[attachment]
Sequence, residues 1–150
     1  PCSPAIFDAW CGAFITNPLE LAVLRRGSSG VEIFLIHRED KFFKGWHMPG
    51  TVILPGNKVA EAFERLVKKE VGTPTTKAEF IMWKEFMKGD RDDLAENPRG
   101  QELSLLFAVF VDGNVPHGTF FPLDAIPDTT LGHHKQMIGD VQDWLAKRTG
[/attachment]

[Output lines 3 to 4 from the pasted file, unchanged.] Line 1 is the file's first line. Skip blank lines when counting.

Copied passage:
    51  TVILPGNKVA EAFERLVKKE VGTPTTKAEF IMWKEFMKGD RDDLAENPRG
   101  QELSLLFAVF VDGNVPHGTF FPLDAIPDTT LGHHKQMIGD VQDWLAKRTG